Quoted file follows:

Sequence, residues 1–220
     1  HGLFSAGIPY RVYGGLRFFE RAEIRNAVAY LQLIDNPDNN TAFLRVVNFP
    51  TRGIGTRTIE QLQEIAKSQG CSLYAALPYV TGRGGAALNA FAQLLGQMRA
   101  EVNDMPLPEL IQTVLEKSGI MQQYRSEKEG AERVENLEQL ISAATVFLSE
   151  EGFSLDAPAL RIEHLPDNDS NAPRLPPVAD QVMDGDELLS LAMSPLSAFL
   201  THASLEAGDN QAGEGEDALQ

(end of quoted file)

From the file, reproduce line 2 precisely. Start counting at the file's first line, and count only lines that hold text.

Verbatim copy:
     1  HGLFSAGIPY RVYGGLRFFE RAEIRNAVAY LQLIDNPDNN TAFLRVVNFP